It seems in these conversations that English invariably gets labeled the most stagnant and disabled of all foreign tongues. And yet, in the context of my new discovery, I found through Neruda that a writer need only be sincere and the limitations of any given language are transcended. When my mind is tired, for example, I read Neruda in English and it is stunning. When I am feeling fresh and vibrant, primed for the work of a translator, so too, is his work beautiful in the original Spanish. The sea is still the sea, a “shining, magnetic abyss,” a forest is still the stuff of dreams, and a pile of clothes still a lingering question of metaphysics simply because he has chosen such sincere words that they hold irrevocable and enduring meaning.
By this, I mean that it does not matter if a work is written in the style of a classic Victorian novel or with the formless musicality of a jazz poem. As long as the writer is true in his or her portrayal of human beings’ relation to one other and their environments, the structure and style of the piece aren’t vastly important. Genres and generalizations mean nothing to truly good writing. When the words are strong enough, honest enough, even simple enough, it is only the beauty of the work that has enduring influence — not its adherence to some subset of creeds and characteristics.
This was a lesson I learned over the course of many years. Now that I have discovered what valuable writing is, I no longer affix my relationship with literacy to specific writers and works that both express and shape my consciousness. My tastes are now are vast and eclectic. I love Haruki Murakami’s strange examinations of inner life and Japanese culture, Jennifer Egan’s careful exposition of aging punk rockers; I love Whitman, Woolf, Aristotle, and Hemingway; Morrison, Borges, McCarthy, and Dickinson. Indeed, these writers have been my teachers as I develop as a reader and writer, but it is their sincere approach to uncovering the human condition that instructs me on what it is to really write something worth reading.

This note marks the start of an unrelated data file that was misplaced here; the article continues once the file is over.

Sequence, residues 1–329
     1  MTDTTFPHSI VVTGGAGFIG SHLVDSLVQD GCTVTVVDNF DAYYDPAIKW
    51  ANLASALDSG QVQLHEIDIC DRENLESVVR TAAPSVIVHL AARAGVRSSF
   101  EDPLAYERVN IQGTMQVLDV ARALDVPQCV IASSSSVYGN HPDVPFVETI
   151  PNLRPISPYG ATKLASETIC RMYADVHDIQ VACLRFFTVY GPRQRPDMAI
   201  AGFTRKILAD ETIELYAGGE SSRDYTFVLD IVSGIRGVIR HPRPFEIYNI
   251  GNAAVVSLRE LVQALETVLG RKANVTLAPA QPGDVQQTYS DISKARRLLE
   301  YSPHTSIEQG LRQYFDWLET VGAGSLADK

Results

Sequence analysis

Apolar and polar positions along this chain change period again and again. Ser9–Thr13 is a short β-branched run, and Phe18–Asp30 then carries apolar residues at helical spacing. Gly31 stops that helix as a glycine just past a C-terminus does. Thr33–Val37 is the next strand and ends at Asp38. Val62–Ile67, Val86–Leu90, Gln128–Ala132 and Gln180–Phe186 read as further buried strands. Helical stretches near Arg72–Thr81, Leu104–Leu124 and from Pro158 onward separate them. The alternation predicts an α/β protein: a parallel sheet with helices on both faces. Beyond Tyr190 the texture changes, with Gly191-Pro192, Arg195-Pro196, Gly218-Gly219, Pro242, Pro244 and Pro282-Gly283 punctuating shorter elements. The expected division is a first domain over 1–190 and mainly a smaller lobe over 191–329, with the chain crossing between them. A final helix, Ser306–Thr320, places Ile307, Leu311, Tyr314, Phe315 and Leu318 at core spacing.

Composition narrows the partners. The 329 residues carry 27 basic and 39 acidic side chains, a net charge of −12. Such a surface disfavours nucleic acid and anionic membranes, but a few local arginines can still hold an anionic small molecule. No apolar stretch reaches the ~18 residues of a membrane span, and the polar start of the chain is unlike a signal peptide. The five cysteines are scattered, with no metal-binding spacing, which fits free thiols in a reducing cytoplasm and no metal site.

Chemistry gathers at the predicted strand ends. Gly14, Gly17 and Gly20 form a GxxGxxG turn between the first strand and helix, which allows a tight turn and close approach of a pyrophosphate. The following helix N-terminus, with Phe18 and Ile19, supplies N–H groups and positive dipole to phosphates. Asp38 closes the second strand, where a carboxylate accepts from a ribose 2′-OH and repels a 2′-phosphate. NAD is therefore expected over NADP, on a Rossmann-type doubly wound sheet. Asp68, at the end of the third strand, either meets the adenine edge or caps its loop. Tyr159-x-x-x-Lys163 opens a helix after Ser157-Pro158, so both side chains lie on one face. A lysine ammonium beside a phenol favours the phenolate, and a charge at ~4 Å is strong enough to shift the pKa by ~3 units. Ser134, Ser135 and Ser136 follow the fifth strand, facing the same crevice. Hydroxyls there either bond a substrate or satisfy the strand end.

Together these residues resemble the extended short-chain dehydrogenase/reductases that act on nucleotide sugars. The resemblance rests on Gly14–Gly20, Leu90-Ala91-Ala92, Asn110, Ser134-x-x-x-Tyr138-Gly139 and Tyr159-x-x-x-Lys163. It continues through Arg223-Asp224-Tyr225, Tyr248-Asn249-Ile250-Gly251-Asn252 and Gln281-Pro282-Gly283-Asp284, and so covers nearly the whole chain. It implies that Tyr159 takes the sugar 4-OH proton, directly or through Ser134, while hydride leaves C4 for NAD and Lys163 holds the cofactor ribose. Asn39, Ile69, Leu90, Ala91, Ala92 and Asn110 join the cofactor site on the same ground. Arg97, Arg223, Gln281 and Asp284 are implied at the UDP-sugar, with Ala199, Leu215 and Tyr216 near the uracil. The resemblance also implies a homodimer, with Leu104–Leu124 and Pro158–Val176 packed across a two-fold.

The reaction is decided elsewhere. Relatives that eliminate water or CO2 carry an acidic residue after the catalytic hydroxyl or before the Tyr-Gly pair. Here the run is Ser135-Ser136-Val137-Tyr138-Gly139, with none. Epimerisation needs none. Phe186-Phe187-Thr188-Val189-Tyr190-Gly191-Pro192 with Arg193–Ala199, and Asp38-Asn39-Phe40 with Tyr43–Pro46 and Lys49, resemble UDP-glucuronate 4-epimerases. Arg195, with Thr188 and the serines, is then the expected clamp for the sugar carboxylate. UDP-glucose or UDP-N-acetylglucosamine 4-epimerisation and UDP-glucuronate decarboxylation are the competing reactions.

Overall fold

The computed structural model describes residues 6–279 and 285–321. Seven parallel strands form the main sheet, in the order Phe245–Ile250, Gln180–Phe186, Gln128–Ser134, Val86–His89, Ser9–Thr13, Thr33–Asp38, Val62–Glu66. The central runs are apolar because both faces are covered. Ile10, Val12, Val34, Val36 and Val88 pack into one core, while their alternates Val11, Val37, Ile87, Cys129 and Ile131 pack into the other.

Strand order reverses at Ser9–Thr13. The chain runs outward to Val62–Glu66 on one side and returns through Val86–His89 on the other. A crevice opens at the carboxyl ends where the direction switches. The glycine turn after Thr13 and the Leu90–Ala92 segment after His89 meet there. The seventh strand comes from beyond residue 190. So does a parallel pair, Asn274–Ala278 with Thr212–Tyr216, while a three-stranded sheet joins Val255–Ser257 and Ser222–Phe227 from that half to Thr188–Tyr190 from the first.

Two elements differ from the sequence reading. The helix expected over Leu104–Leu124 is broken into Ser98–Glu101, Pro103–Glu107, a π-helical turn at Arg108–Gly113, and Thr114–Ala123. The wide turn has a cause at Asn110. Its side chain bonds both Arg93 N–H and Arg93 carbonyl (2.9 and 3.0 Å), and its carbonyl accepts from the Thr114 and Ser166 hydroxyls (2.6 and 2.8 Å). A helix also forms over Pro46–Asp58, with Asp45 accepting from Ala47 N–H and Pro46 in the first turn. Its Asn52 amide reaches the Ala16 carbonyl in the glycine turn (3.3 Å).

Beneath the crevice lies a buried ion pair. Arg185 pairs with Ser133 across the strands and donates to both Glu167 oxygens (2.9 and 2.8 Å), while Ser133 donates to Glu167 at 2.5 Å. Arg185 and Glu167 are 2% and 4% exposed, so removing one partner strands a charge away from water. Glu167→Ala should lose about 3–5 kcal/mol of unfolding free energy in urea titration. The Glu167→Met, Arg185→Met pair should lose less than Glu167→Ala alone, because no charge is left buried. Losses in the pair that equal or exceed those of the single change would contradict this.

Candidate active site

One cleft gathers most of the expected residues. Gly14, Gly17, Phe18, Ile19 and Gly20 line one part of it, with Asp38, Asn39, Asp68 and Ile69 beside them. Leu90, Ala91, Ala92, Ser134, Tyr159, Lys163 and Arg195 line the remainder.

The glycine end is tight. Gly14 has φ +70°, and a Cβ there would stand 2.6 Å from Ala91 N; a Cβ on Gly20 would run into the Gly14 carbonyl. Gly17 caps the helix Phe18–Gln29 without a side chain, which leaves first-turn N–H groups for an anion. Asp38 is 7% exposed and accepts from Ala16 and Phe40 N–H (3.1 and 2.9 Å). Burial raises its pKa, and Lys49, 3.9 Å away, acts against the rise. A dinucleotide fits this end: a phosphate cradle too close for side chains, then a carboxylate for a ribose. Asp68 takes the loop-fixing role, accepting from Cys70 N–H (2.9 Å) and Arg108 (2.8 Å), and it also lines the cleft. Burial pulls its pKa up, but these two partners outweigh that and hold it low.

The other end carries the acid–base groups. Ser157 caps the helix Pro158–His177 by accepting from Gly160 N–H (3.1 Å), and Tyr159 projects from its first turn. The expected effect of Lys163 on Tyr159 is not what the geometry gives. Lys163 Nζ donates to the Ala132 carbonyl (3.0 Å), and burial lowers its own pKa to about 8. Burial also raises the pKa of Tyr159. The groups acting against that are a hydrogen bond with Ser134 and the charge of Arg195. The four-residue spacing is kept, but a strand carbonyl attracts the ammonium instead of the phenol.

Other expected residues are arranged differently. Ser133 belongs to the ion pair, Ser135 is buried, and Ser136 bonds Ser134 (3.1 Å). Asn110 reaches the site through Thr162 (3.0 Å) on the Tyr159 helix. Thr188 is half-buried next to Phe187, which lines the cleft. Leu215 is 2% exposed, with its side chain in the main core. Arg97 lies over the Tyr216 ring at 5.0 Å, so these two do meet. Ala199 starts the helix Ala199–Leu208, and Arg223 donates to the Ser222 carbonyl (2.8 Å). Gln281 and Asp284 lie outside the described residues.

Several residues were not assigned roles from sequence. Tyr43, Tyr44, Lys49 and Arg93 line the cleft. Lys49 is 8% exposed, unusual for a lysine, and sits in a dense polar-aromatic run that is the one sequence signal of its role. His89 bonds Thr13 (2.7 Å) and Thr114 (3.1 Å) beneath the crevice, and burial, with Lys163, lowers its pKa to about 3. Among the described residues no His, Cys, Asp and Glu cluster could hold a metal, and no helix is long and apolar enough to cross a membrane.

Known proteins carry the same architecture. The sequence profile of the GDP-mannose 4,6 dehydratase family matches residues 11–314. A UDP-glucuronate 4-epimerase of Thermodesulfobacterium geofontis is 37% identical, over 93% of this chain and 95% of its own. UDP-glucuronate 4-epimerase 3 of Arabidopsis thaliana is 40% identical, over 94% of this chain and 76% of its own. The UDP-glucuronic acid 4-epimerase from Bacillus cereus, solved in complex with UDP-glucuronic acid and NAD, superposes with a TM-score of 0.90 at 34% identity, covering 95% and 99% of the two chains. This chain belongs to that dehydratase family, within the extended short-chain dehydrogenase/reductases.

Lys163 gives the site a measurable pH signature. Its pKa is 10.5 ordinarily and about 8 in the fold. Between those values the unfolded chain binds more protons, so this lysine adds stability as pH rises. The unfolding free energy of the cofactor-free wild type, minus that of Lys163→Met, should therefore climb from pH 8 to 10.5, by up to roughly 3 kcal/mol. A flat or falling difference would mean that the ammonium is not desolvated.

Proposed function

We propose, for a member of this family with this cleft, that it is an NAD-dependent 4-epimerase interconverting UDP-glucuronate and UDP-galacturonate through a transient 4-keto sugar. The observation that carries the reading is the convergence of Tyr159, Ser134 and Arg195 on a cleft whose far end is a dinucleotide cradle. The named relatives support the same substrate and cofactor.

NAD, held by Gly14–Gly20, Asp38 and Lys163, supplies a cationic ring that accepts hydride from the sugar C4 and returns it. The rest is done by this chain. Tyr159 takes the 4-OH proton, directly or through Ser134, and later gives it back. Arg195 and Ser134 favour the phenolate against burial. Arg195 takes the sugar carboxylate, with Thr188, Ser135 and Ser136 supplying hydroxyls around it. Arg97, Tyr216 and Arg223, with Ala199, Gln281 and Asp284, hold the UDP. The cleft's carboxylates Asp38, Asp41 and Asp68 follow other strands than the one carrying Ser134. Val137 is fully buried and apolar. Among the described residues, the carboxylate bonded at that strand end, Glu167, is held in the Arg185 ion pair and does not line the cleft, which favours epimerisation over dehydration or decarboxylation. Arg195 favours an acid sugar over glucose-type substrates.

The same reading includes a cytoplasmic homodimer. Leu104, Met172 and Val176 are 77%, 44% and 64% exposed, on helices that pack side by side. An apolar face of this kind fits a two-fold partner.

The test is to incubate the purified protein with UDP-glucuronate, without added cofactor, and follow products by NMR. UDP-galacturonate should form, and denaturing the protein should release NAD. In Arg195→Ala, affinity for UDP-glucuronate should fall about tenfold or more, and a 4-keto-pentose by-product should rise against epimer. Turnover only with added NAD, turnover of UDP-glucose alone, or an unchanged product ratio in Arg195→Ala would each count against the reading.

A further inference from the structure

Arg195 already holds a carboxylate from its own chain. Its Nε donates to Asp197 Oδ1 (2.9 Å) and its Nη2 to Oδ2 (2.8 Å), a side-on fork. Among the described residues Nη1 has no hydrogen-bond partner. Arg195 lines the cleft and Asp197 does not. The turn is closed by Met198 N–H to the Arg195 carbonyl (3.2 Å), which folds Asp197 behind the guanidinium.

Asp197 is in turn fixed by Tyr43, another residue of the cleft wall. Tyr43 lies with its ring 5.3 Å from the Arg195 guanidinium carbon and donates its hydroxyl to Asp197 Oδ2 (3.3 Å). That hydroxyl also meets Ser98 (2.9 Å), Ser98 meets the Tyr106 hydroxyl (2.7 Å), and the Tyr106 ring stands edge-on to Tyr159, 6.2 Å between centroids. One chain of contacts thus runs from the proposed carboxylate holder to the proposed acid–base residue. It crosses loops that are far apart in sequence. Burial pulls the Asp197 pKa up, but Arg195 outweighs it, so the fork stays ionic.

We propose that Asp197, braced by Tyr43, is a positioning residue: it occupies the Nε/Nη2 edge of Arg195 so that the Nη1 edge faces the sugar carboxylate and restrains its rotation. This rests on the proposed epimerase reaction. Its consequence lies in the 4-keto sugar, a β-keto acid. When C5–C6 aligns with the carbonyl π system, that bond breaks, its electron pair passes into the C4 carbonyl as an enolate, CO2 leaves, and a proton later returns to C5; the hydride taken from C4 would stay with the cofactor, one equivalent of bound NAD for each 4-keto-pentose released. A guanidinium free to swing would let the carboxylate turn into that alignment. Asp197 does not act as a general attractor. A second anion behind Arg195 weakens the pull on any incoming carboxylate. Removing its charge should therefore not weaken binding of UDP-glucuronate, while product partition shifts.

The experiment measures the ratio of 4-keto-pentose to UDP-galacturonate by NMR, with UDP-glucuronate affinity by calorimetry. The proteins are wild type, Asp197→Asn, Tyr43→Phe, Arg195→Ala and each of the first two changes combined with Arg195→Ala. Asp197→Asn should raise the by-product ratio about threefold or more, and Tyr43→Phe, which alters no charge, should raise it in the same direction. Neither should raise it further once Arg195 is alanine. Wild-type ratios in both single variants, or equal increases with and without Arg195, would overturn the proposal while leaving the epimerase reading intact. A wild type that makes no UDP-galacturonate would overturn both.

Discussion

In this way, the connective influence of honest, often simple words has become something powerful to me. While it is certainly something that my two-year-old self would label “magical,” it would suffice to say that truly effective, sincere writing is much less a kind of magic than a genuine agent of comfort and change.
Leaving Literacy by Megan Lester
In the month of April, year 2013, three very important events took place in my life, which was based in Salzburg, Austria at the time. I read my first David Foster Wallace essay, began Leonard Shlain’s The Alphabet Versus The Goddess, and left my teenage years forever. Little did I know that upon turning twenty literacy would be one of my foremost concerns—and not global literacy, but my own—and not becoming more literate, but less. My hopeless effort to discard literateness did not begin in Salzburg. It began when language was forced upon me as a helpless diploid named Tyler, or Amy, or Megan…
In grade school, I remember my father reading The Wall Street Journal every morning, my mother devouring novels after work, and staring at my bookshelf, memorizing how to spell ‘encyclopedia.’ I learned to read and write like any other kid my age, first with the ABC’s, then tracing giant letters on paper. It never occurred to me that I could not learn English. No one ever asked me if I wanted to be literate. The first steps of learning to read and write were entirely taken for me.
I consciously took the next step in literacy. In fourth grade my teacher Mrs. Cole encouraged me to write poetry, and I began reading and writing constantly. It is unclear if I discovered my love of writing with Mrs. Cole’s guidance, or if I fabricated interest because I loved Mrs. Cole. Regardless, I know that having a mentor greatly influenced my reading and writing. This mentorship would be repeated throughout my education.
In high school, Abbie Lentz, my AP Language teacher, took it upon herself to convert me to Christianity and read prolific amounts of literature. She was temporarily successful in both endeavors. We would meet for coffee weekly and talk for hours about Christian dogma or Steinbeck. Under her guidance I read Tolstoy, Dostoevsky, Betty Friedan, C.S. Lewis, and The Bible. Together we read Jane Eyre, Les Miserables, Wuthering Heights, Crime and Punishment, Grapes of Wrath, Madame Bovary, The Jungle, and countless other classics. We would write back and forth in green notebooks, which expanded my vocabulary, helped me develop style, and let me become comfortable having my writing read. Having someone I respected and loved encouraging me to read, write, and analyze literature made me pursue literacy like never before.